On Struve, we saw most of the adults but all the chicks were absent. 12 & unbanded and LT & JA’s chicks are plenty old enough to be on their own but E5A & unbanded’s chicks seem too young for that. Hopefully nothing happened to them. It was too rough to go to Swan Lake so we headed back to the boat ramp.
On Wednesday, Alan and I assisted David Newstead from the Coastal Bend Bays and Estuaries Program deploy four transmitters on adult skimmers on Struve Luci. I’ve banded a lot of young skimmers but never an adult so that was interesting. Their wings are so long!
The transmitters will allow us to determine where the birds go to forage and how big an area they cover. If we get lucky and they last long enough, they will tell us where these birds go during the non-breeding season too. So interesting! Here I am with the famous David Newstead!
When we were done with the skimmers, we dropped David off at the boat ramp and Alan and I went to check Swan Lake. 20 & unbanded were still incubating their nest so we left them to it and moved on LR & unbanded. They hadn’t been there last week but this week they were both there and acting suspicious. I went and looked around and found a new two egg nest! This is their third try. I hope they make it!
In Swan Lake proper, both of 11 & unbanded’s chicks were out of hiding and walking along the shoreline. They looked really big. I had planned to wait until next week to band them but they looked so big and they were out in the open making them easy to catch. I couldn’t resist going ahead and doing it.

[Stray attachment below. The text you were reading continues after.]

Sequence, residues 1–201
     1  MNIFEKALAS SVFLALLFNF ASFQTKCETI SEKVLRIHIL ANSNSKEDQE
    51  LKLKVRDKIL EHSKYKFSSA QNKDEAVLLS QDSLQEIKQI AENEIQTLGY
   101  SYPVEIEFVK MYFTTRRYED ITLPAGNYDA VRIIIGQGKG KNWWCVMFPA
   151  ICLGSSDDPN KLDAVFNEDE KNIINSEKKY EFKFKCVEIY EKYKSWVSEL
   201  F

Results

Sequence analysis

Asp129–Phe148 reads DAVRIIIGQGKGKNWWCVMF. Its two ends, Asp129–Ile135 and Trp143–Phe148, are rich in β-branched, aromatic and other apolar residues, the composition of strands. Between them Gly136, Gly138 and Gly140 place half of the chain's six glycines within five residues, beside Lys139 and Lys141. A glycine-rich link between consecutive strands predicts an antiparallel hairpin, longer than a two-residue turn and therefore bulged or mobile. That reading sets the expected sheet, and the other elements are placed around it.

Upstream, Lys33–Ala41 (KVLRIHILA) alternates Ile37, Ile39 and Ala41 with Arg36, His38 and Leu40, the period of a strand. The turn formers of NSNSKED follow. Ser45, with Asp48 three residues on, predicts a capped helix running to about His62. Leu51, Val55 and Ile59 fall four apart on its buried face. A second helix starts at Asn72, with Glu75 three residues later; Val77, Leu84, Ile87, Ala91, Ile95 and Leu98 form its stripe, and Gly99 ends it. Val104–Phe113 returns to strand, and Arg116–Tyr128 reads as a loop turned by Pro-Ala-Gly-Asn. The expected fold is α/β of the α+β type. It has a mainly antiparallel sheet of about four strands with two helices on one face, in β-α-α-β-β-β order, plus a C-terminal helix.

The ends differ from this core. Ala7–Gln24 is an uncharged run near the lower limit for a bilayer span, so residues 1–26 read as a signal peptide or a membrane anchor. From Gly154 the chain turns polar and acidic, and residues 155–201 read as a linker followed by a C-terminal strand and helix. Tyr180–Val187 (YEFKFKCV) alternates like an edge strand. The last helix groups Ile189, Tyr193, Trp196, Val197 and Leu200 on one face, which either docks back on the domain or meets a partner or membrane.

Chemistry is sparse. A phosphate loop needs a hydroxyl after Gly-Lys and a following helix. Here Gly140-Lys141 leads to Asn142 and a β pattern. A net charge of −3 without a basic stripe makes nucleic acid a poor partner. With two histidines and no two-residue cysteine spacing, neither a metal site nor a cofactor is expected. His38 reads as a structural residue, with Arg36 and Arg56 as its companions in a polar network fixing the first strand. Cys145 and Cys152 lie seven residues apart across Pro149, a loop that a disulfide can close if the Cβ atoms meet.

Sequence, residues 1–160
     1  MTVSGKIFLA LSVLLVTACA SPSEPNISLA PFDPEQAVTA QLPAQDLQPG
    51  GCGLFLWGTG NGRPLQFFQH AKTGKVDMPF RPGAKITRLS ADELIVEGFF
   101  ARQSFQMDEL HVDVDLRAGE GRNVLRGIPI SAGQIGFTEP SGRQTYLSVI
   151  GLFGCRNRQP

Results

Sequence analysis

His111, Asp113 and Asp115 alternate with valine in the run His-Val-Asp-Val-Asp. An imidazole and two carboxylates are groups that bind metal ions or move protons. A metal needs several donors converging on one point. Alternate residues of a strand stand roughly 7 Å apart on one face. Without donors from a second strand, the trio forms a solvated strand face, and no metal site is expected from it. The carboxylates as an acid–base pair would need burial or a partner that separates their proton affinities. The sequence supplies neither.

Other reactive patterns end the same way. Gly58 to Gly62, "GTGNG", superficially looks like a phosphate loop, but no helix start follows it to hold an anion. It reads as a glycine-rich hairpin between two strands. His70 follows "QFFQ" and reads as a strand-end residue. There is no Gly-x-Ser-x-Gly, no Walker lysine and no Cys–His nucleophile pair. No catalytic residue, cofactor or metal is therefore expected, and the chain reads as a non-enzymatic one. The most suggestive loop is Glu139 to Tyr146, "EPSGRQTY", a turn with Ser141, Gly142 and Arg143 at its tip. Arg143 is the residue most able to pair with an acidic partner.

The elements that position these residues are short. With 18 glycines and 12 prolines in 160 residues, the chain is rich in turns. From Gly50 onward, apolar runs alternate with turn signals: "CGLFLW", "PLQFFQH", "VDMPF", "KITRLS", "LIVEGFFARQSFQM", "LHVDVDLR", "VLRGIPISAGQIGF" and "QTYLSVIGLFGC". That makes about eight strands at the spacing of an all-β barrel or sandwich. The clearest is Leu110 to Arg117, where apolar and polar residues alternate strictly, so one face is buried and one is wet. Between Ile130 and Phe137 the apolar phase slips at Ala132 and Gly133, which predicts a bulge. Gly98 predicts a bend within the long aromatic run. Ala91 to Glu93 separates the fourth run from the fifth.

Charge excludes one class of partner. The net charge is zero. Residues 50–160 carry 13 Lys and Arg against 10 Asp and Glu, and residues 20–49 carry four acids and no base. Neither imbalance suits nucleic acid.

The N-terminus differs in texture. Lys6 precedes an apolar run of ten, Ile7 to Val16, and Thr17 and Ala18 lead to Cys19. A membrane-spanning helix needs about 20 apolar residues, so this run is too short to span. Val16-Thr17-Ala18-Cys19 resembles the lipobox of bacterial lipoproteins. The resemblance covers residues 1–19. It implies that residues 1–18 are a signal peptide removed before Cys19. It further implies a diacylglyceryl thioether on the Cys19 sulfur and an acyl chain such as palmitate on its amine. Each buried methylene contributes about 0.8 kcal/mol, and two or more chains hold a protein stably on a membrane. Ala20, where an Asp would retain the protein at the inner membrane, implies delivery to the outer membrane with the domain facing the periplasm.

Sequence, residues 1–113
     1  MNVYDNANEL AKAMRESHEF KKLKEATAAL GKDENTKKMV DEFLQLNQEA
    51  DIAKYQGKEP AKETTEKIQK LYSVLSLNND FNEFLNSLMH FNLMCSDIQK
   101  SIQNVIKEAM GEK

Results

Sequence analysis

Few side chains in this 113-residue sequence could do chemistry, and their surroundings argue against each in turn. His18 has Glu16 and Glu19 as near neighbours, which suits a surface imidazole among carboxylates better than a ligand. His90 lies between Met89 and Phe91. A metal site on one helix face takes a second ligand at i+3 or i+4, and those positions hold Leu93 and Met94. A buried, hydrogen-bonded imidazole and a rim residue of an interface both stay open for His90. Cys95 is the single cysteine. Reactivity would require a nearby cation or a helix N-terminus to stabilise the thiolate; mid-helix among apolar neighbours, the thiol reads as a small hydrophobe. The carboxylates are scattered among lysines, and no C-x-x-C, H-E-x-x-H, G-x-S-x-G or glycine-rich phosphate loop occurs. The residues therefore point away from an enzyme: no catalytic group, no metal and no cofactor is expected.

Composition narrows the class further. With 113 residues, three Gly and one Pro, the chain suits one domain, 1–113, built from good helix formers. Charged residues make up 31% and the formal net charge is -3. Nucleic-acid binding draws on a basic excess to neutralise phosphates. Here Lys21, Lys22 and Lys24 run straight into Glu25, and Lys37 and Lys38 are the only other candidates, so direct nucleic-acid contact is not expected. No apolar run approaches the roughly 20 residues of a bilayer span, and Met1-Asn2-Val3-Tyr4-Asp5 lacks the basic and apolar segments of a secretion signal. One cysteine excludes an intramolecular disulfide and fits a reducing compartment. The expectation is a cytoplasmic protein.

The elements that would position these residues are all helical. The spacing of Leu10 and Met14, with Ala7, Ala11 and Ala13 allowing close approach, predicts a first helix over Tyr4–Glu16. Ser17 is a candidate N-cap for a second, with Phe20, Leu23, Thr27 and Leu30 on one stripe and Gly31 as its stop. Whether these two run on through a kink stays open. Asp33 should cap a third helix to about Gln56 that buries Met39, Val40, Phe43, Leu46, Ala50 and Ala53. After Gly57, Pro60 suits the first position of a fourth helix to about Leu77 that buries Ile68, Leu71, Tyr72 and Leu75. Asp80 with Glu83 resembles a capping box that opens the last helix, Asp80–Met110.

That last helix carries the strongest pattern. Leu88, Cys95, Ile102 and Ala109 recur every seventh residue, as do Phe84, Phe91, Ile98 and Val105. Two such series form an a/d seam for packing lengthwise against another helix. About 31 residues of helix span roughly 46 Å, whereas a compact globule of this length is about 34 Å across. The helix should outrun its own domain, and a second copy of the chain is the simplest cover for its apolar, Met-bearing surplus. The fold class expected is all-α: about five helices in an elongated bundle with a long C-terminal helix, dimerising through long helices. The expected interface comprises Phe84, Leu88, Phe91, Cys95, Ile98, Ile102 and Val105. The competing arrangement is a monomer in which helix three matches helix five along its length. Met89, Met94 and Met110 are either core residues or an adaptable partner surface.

Of course once I got them in my hands, I could see they were smaller than they had appeared in binoculars but still plenty big enough to band so we went ahead. Good job 11 & unbanded!
K7 & unbanded and all three of their chicks were hanging out in their territory. It must be quite a job to feed three hungry youngsters. I bet K7 & unbanded are happy their chicks are big enough to feed themselves now!
I think we surprised X3 & unbanded because they were in the back vegetation with their chick when we arrived. They quickly flew out to the little island where they try to fool us every time but we saw the chick try to hide in the vegetation and take a short hopping flight. Almost fledged!
We looked for 39 & unbanded on the breakwaters but they weren’t home so we headed back to the boat ramp.
If you like oystercatchers and you want to support this project, you can make a donation (thank you!) on our website here. And how could anyone not like oystercatchers!
Current Stats for upper Texas coast from Swan Lake to East Matagorda Bay: 4 new adults banded, 8 nests being incubated, 26 failed nests, 3 nests with unfledged chicks, 1 nest with undetermined status, 19 chicks banded, 17 chicks fledged
Note: All trapping and banding for this project is in accordance with federal and state permits issued to Susan Heath, GCBO Director of Conservation Research. Bird handling by volunteers is only permitted in the presence of Susan Heath and volunteers are trained in proper bird handling techniques.